Career Advice: Tips for Winning New Clients

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For those with an entrepreneurial bent, finding and solidifying new clients is an ongoing part of the business. No matter how busy an assignment may be keeping you, you always need to remain in “marketing” mode so that when your current project ends, you’ve got the next one lined up. Ideally, one success should lead to another, but if you’re just starting out (or starting out on your own for the first time after years of working for someone else), connecting the dots can take some practice. Here are a few things to keep in mind to help you seal the deal.

Turn Being New Into a Benefit

When you are a launching a new business, you don’t have previous successes to point to. That can be the cause of some insecurity. But instead, turn that around – you don’t have previous failures or a bad reputation you need to combat. What you DO have is your passion and your knowledge. Enthusiasm, when backed by proper preparation, can go a long way in winning over new business.

Be Prepared

Speaking of preparation, when you finally land that meeting with a desirable client, arm yourself with as much intel as possible. Try to find out what a company’s priorities are, such as product development, market share or overall growth. Then during your meeting, you can wow them with specific examples of how working with you will help them to achieve these goals.

Wining and Dining

Taking a potential client out to dinner can seem intimidating, especially if you are new to the process of earning business this way. But the key thing to remember is that what’s most important about the meal isn’t what’s on your plate or what’s in your glass – it’s the connection you forge. A few basics:

  • The exchanges that take place outside of the office environment give clients the opportunity to get a glimpse of who you are and what matters to you. Be authentic.
  • Dress appropriately. You may be going out to lunch or dinner, but it’s still a business meeting.
  • Eddie Osterland, author of Power Entertaining, reminds us in this blog post, “It’s about giving people enjoyable memories that will cause them to remember you fondly and make them want to do business with you in the future…Creating a memorable experience doesn’t need to bust your budget. Power entertaining is about offering people delectable samples of food and tastings of wine, especially of things they haven’t had before or don’t know much about.”
  • Even though the conversation is ultimately more critical than the cuisine, research where your customers like to dine, and find out if they have any dietary restrictions.
  • This should go without saying: pick up the check, even if your dining companion offers to do so. If you anticipate a tussle at the end of dinner, arrange payment beforehand with the host by giving them your credit card. And of course, make sure to include a tip.

Negotiating Fees

If the price of your services becomes an issue, there are several ways to handle it without offering to cut your rates.

  • Make sure they understand the value of your services. They may not realize how you will help them build a better business long-term, whether by enabling them to become more efficient or by improving their products. You should be able to clearly and succinctly explain how you do what you do, and why you do it better than everyone else. If you can’t explain why you are worth the fees you are asking, then you can’t expect anyone else to want to pay them.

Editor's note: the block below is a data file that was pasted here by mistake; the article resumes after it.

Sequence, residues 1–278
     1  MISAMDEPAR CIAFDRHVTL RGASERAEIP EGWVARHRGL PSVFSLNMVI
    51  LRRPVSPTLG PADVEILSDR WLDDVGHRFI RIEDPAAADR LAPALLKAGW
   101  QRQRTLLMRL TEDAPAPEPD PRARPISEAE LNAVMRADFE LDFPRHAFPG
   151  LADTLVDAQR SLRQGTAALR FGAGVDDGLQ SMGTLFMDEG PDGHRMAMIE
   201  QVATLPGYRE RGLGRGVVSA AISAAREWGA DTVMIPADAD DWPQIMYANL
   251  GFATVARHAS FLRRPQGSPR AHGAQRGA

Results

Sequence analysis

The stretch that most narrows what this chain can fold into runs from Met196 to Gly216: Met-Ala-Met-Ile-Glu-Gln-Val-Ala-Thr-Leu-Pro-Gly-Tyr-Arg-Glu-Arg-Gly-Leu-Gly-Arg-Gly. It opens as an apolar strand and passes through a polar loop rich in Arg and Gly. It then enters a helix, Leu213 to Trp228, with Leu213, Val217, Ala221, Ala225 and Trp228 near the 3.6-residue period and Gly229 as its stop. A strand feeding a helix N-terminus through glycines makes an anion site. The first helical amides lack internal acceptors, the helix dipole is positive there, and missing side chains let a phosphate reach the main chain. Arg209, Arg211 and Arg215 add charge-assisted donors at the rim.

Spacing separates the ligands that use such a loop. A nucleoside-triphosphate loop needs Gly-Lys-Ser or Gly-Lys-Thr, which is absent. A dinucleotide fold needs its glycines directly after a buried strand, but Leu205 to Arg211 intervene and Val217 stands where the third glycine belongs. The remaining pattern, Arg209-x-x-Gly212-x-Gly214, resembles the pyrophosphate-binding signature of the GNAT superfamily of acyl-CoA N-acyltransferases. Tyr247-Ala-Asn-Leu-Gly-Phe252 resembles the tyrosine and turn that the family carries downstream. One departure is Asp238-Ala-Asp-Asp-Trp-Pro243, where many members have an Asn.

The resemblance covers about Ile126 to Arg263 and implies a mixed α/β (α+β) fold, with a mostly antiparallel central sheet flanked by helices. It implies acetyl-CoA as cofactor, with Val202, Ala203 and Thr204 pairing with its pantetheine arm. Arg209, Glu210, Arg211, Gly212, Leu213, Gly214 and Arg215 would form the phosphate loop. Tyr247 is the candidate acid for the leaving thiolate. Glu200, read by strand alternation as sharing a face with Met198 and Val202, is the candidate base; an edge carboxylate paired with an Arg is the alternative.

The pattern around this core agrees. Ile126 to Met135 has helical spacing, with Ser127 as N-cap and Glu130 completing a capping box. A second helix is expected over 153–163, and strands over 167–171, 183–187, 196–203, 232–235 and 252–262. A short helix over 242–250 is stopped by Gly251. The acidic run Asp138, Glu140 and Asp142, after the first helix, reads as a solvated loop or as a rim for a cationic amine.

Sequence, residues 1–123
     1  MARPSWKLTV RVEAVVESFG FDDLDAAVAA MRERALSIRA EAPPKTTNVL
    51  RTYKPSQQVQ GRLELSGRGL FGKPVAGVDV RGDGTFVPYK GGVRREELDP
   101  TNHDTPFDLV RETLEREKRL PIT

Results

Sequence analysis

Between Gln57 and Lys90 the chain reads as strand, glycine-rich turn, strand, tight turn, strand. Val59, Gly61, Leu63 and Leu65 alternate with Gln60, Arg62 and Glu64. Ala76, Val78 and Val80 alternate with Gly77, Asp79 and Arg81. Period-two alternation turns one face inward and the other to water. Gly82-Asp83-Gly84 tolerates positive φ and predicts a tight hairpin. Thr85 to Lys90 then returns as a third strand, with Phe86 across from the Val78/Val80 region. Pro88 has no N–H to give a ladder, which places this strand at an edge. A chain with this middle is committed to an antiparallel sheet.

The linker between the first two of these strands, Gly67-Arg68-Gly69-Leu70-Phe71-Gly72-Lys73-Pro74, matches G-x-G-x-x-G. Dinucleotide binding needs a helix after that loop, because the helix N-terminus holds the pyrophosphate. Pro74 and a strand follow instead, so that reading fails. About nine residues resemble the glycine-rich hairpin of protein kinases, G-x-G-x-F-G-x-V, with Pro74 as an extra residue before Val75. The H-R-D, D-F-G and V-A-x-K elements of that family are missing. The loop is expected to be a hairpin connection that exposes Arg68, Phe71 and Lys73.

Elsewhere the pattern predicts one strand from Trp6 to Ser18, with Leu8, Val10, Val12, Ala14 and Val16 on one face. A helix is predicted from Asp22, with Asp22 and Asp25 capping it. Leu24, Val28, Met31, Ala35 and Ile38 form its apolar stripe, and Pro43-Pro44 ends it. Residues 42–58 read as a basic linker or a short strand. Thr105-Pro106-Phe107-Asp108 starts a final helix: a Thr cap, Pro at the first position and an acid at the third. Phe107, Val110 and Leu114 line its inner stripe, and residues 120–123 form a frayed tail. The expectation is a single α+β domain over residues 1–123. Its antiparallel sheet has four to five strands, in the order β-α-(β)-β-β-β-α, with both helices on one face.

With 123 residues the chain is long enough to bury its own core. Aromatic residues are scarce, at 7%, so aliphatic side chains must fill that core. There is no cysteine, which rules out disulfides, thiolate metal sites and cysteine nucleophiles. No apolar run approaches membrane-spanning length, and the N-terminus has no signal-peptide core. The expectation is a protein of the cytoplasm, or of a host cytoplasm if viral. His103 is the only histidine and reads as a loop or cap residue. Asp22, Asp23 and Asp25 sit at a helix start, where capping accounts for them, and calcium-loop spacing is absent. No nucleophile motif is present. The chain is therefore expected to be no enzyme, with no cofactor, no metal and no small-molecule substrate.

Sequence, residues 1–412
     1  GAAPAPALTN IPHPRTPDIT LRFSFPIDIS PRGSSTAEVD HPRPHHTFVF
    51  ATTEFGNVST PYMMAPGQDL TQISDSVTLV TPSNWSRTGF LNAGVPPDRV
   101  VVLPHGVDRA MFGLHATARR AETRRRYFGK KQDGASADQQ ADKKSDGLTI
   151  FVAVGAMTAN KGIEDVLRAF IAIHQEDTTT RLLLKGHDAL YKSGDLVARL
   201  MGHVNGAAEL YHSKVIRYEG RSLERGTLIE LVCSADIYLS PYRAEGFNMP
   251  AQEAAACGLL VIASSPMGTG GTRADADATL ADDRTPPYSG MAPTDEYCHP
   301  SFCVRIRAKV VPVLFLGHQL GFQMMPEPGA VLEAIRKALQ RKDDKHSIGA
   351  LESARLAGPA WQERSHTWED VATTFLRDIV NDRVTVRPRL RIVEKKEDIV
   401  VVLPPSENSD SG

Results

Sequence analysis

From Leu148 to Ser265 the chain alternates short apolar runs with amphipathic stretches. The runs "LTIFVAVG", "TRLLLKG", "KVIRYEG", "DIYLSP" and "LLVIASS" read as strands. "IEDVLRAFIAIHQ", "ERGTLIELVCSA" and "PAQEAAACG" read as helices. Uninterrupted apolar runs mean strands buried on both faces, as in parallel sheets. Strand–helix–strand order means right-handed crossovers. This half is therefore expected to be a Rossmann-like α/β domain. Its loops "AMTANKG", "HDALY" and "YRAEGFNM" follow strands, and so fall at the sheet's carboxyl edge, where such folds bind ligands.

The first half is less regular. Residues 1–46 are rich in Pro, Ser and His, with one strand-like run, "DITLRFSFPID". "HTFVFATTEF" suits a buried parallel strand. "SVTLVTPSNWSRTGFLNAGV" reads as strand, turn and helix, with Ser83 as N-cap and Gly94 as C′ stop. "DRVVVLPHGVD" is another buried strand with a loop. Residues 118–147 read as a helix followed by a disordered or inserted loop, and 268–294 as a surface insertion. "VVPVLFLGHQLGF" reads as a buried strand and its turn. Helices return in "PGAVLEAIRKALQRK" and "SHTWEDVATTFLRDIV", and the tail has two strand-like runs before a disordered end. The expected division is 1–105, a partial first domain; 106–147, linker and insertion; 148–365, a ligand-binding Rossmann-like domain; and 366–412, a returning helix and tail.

• See if there is a service or product you offer that is a better match for their budget. For example, one of the services that we offer is event planning. Sometimes a client isn’t in the position to bring us on to plan an entire party from beginning to end. Instead, we will come in the week before to oversee last minute details and run things on the day of so the host can relax and have a good time.

Have an Updated and Appropriate Online Presence

Just as you will research every new potential client, you can be sure that a client worth having will research you as well. If you have a business website, make sure that it clearly states what you do, reflects your company’s tone and has current contact information. If you’re just starting out and don’t have a lot of money to spend on a site, use an inexpensive or free service such as WordPress, Typepad or Squarespace that has easy-to-use templates. Better to have something clean and simple that works properly than to try to incorporate bells and whistles that require a lot of maintenance or expense.

If social networking is appropriate for your work, keep your feeds updated with relevant content that adds value to subscribers. The types of comments you make or articles you post can act as a shortcut for new clients who are trying to get a sense of what you are all about. LinkedIn is still the main online destination for people to check out your resume and previous experience, so make sure your profile is up to date. If you populate your Facebook feed with lots of personal information that might not be appropriate for potential clients, take advantage of the service’s privacy options.

Above all else, remember that you have something unique to offer. Be bold, be confident – there’s only one you!